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Junior Research Groups

Junior Research Groups were set up for the first time at the Robert Koch Institute in 1999. They are oriented towards the research tasks of the Institute. For the Robert Koch Institute they represent a possibility to react flexibly to current topics. With the Junior Research Groups additional prerequisites have been created for the employment of PhD students at the Robert Koch Institute. They also offer young scientists an opportunity to set up their own working groups.

The Junior Research Groups are to cooperate in their scientific work with the Departments and Project Groups at the Robert Koch Institute. The topics of the Groups established so far have been selected accordingly. The research activities are subject to internal control by the Research Council of the Robert Koch Institute and the topics are defined in coordination with the Scientific Advisory Board of the Robert Koch Institute.

At present there are two Junior Research Groups. They are headed by a scientist in charge and elect a new spokesperson every year. The projects are limited to a period of five years.

JRG 1: Microbial Genomics

Prevalence of ESBL in the E.coli population based on the data of 7766 strains from different epidemiological background. Source: RKI and Prof. Dr. Christa EwersAt the research group „Microbial Genomics“ we focus on the mechanisms of the evolution and spread of bacterial pathogens in humans as well as in animals. Most methods that we use are genomic approaches that are combined with phenotypic analyses to understand the virulence, transmission and host-interactions of the bacteria. An important theme of our research activities is the understanding of Anti-Microbial Resistance (AMR) which is one of the most essential evolutionary forces in the development of the bacteria in the presence.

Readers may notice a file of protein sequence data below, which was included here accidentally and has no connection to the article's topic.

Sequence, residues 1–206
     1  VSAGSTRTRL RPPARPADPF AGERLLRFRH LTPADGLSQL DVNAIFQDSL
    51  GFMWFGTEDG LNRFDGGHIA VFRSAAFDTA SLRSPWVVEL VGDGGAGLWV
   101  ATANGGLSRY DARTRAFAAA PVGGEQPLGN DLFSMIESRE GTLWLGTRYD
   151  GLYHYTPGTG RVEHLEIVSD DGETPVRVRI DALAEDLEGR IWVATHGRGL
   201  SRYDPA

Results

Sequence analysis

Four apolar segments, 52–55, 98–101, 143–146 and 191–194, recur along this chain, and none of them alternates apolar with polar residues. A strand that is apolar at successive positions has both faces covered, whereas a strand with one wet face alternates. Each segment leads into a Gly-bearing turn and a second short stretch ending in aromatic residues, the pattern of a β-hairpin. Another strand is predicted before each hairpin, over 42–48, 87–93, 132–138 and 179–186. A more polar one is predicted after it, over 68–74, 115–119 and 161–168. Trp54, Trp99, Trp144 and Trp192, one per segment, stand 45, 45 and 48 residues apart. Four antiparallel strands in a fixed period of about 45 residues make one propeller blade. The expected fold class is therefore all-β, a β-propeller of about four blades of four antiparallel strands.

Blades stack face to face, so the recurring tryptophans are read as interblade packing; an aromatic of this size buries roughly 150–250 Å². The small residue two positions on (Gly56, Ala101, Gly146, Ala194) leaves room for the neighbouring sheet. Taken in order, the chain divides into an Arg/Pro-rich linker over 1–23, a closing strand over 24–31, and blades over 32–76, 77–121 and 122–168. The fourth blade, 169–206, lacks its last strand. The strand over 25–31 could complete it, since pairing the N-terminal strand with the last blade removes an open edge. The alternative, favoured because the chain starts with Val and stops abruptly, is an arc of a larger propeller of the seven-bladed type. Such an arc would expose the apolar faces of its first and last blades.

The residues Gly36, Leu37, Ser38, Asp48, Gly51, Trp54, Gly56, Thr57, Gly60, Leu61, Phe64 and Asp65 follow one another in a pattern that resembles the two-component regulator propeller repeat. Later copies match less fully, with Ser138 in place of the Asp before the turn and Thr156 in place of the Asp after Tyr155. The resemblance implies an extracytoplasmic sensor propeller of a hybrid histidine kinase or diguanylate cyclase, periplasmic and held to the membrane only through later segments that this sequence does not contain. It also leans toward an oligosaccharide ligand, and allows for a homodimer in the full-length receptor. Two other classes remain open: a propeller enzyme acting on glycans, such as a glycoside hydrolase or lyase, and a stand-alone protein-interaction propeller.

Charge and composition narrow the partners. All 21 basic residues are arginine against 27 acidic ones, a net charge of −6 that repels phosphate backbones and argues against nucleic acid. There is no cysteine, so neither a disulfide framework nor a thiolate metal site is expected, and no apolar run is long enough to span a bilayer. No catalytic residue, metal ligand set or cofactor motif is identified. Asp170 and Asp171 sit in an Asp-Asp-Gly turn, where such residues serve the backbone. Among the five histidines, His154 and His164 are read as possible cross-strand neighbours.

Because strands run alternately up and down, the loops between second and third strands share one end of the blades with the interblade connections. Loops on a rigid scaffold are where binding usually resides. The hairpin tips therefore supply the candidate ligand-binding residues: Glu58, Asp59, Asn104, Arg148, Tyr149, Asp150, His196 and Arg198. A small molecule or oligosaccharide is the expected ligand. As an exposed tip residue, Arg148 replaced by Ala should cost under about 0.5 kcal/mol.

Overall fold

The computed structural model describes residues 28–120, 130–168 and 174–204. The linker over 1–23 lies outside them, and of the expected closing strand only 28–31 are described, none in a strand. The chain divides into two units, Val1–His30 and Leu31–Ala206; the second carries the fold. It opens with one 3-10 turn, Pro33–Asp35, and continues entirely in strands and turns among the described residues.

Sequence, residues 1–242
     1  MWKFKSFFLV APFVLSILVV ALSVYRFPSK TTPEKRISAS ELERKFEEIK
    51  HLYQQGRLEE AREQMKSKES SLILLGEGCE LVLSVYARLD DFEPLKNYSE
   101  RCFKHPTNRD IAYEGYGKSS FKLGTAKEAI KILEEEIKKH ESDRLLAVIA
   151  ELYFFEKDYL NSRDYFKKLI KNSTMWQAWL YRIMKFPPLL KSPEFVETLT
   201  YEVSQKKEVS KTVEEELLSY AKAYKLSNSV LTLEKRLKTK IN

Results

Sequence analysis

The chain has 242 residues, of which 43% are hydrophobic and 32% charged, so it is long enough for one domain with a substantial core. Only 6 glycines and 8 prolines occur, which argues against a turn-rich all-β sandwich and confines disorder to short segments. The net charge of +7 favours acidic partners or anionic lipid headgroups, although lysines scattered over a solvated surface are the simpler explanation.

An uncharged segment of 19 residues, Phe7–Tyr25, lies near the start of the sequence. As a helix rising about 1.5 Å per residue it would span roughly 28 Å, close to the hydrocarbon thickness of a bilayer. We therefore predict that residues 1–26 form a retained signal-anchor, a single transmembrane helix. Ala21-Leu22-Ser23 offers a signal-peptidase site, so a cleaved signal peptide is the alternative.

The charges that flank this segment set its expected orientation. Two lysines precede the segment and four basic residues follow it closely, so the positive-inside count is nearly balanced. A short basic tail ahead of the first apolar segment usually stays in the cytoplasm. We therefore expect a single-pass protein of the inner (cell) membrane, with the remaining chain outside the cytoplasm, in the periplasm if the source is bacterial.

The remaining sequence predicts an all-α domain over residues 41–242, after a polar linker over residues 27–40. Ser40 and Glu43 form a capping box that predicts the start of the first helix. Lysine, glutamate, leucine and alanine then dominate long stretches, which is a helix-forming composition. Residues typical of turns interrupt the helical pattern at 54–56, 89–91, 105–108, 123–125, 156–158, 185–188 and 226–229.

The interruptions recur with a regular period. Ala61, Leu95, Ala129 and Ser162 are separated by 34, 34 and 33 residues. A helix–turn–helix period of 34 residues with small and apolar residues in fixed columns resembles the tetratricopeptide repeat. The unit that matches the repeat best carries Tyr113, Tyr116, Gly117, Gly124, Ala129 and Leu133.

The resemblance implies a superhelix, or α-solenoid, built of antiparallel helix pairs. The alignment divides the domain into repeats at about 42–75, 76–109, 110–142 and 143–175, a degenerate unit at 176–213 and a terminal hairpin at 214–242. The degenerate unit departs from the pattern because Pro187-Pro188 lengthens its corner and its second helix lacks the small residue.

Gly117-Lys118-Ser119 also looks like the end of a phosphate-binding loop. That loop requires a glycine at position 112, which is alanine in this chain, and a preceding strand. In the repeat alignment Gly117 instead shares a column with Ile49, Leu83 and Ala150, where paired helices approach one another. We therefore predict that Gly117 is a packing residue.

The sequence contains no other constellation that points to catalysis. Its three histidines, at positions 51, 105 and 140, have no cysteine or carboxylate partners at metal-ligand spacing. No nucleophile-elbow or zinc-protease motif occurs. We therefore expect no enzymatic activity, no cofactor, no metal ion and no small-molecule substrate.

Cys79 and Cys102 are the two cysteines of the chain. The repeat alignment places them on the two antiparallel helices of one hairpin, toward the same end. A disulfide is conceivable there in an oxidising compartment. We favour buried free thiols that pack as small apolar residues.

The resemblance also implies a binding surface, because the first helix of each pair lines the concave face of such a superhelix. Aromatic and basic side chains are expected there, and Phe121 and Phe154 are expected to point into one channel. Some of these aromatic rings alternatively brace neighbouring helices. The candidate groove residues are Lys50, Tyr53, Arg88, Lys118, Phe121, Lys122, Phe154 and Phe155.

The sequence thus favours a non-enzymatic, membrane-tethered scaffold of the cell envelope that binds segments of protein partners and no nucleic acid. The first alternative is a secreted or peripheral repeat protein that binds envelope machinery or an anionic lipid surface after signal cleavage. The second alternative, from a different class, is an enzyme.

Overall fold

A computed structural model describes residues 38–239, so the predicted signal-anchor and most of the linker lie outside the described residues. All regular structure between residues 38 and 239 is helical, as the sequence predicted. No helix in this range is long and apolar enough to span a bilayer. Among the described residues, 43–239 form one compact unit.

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JRG 2: Metabolism of Microbial Pathogens

Toxoplasma gondii. Source: RKIOur research aims to provide a metabolomics platform for accelerated development of new chemotherapies against zoonotic infections. Further, we develop an imaging based platform to study physiology on single cell level that should aid characterization of small and complex pathogen subpopulations and inform future research strategies for other persisting zoonotic infections. As proof-of-concept we target chronic T. gondii infections with the goal to interrupt foodborne transmission.

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